Google Kubernetes SFTPPlus single pod deployment

Mon 04 January 2021 | general kubernetes

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Introduction

This article describes deploying the SFTPPlus application to the Google Kubernetes engine (GKE) using a single pod for which the configuration and data is persisted outside the cluster using a Compute Engine storage disk.

The container image used in this example is the DockerHub SFTPPlus Trial.

The source of the container image is available from our public GitHub SFTPPlus Docker repository.

The example Kubernetes YAML file can be found in our GitHub SFTPPlus Kubernetes repository

You can use the information to deploy an SFTP file transfer server to any other Kubernetes Engine service.

For any comments or questions, don't hesitate to get in touch with us.

The diagram from this article is available on request.

Final result

Once completing the steps in this guide, you will have an SFTPPlus application with the following services:

  • Port 10020 - HTTPS web based management console
  • Port 443 - HTTPS end-user file management service
  • Port 22 - SFTP end-user service

All these services will be available via your cluster IP address.

The local files for each pod should be considered disposable. They are lost once the pod is terminated.

To persist the SFTPPlus configuration and end-user data, an external volume is used.

The HTTPS web based management console is accessed in read-only mode, as the configuration is managed via the cluster infrastructure and not using the SFTPPlus configuration management functionality.

SFTPPlus GKE deployment diagram

Moving parts

For implementing the SFTPPlus service we will be using the following parts:

  • The SFTPPlus Trial container image hosted at Docker Hub.
  • A Google Kubernetes Engine with at least 2 nodes, each node with a minimum of 2 GB of memory and 100GB of storage. The storage is used for the whole cluster, and it's not the dedicated storage required for SFTPPlus. This is a prerequisite for this article.
  • A Google Compute Engine persistence disk created outside of the cluster. To simplify the configuration, the disk is attached directly to the pod, without creating a separate persistence volume and persistence volume claim.
  • A Kubernetes Load Balancer service for connecting the application to the Internet. Instructions for creating this are provided below.
  • A Kubernetes workload for hosting the SFTPPlus application. Instructions for creating this are provided below.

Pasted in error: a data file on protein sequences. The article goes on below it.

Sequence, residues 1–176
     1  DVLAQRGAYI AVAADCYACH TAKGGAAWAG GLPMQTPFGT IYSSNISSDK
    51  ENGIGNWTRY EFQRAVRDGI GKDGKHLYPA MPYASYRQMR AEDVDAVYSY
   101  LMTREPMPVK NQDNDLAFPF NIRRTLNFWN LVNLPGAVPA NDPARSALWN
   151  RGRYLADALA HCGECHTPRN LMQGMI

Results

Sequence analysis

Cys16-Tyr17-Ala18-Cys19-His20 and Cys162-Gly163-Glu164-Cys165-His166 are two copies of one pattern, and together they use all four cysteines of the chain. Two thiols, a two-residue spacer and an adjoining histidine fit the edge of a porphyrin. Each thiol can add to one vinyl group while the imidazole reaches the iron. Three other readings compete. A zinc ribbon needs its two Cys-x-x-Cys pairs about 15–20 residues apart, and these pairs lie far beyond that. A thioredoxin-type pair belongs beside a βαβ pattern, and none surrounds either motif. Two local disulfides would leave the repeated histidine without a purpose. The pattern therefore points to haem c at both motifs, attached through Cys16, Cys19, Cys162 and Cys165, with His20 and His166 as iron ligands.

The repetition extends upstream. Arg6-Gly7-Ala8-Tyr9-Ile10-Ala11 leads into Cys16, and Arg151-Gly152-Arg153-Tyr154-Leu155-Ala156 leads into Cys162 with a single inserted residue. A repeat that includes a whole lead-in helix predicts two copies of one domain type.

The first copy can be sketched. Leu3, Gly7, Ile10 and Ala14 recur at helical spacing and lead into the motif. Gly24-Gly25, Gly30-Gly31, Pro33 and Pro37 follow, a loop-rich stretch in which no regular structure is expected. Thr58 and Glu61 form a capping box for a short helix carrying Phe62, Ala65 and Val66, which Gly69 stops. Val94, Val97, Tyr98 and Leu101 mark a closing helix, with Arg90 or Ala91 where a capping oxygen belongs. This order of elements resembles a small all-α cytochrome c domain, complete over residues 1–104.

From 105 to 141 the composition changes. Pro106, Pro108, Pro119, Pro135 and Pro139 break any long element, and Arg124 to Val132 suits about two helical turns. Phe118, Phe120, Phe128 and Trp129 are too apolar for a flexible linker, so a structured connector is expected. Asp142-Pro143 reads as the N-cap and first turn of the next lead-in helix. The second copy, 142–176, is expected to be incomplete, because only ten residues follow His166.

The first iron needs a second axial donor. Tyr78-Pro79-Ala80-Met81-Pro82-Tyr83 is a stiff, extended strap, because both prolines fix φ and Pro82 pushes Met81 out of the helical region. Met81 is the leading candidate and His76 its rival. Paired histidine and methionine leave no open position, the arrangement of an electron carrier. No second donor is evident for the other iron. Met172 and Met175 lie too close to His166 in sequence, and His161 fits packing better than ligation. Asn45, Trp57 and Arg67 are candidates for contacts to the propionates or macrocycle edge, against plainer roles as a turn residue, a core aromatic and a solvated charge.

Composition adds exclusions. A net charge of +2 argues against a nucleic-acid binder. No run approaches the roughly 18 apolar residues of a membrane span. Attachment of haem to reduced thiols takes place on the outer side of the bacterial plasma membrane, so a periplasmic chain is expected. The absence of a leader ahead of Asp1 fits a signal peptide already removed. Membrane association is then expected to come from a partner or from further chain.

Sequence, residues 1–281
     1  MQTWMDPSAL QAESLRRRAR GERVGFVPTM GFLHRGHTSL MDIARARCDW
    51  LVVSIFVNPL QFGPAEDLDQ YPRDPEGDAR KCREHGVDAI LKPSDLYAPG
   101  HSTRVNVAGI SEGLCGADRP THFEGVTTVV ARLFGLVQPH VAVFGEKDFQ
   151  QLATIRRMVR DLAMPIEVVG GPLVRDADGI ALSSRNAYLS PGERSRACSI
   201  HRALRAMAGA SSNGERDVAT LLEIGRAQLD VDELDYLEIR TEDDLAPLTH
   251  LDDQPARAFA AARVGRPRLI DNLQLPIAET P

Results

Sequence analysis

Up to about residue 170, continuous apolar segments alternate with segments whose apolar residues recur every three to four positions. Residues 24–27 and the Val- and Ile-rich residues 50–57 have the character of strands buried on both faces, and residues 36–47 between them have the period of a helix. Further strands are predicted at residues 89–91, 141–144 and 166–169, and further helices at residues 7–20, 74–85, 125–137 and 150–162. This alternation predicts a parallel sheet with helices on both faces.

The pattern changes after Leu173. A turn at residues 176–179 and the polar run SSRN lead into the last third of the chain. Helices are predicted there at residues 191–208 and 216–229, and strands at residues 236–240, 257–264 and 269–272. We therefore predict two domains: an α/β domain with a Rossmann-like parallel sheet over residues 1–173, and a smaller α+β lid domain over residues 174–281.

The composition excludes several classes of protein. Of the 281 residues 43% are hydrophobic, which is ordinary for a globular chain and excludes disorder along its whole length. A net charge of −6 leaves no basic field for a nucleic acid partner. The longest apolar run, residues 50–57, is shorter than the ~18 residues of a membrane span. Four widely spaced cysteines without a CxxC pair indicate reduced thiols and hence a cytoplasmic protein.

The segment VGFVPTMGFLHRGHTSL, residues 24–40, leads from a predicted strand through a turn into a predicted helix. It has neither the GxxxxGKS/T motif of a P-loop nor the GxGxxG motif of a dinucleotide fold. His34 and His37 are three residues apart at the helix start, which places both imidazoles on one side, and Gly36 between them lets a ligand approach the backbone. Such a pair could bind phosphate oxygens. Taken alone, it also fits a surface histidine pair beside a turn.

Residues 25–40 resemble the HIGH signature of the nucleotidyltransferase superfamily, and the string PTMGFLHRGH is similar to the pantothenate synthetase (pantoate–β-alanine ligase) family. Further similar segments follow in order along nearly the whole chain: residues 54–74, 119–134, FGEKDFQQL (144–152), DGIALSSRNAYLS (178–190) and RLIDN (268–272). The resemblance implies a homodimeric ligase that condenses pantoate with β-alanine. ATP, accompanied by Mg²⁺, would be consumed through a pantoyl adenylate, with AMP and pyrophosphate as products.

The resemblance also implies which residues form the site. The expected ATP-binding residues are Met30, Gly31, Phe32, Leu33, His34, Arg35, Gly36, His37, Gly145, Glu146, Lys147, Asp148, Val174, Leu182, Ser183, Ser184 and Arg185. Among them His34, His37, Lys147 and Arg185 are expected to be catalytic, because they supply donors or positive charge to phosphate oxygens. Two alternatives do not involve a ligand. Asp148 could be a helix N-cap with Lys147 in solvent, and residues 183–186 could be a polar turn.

Kubernetes load balancer and Internet access

This section describes the process of creating a Kubernetes Load Balancer service to allow external Internet access to the SFTPPlus application.

It assumes that you will upload the following YAML file named sftpplus-service.yaml to your cloud console:

apiVersion: v1
kind: Service
metadata:
  finalizers:
  - service.kubernetes.io/load-balancer-cleanup
  labels:
    app: sftpplus-app
  name: sftpplus-app-load-balancer
  namespace: default
spec:
  externalTrafficPolicy: Cluster
  ports:
  - name: 10020-to-10020-tcp
    nodePort: 30500
    port: 10020
    protocol: TCP
    targetPort: 10020
  - name: 443-to-10443-tcp
    nodePort: 32013
    port: 443
    protocol: TCP
    targetPort: 10443
  - name: 22-to-10022-tcp
    nodePort: 32045
    port: 22
    protocol: TCP
    targetPort: 10022
  selector:
    app: sftpplus-app
  sessionAffinity: None
  type: LoadBalancer

The file can be updated to add more ports if required or export the services using different external ports.

With the YAML file available you can create the service by using the following command:

kubectl create -f sftpplus-service.yaml

Application pods

This section describes the creation and configuration of a workload that will run a single pod hosting the SFTPPlus application.

It assumes that you will upload the following YAML file named sftpplus-workload.yaml to your cloud console:

apiVersion: apps/v1
kind: StatefulSet
metadata:
  labels:
    app: sftpplus-app
  name: sftpplus-app
  namespace: default
spec:
  replicas: 1
  serviceName: "sftpplus-app"
  selector:
    matchLabels:
      app: sftpplus-app
  template:
    metadata:
      labels:
        app: sftpplus-app
    spec:
      terminationGracePeriodSeconds: 10
      containers:
      - image: proatria/sftpplus-trial:4.12.0-cloud
        imagePullPolicy: Always
        name: sftpplus-trial
        env:
        - name: SFTPPLUS_CONFIGURATION
          value: /srv/storage/configuration
        resources: {}
        securityContext:
          privileged: true
        terminationMessagePath: /dev/termination-log
        terminationMessagePolicy: File
        volumeMounts:
        - mountPath: /srv/storage
          name: sftpplus-disk

      dnsPolicy: ClusterFirst
      restartPolicy: Always
      schedulerName: default-scheduler
      securityContext: {}
      terminationGracePeriodSeconds: 30
      volumes:
      - gcePersistentDisk:
          fsType: ext4
          pdName: sftpplus-disk
        name: sftpplus-disk

You should replace sftpplus-disk with the name of the manually created Compute Engine disk.

The content of the cluster secret is available inside /opt/sftpplus/secrets. The cluster ConfigMap is available inside /opt/sftpplus/configuration.

Each key of the Secret or ConfigMap object will be converted into a file with the same name as the key name and the same content as the key content.

With the YAML file available in the cloud console, you can create the workload by using the following command:

kubectl create -f sftpplus-workload.yaml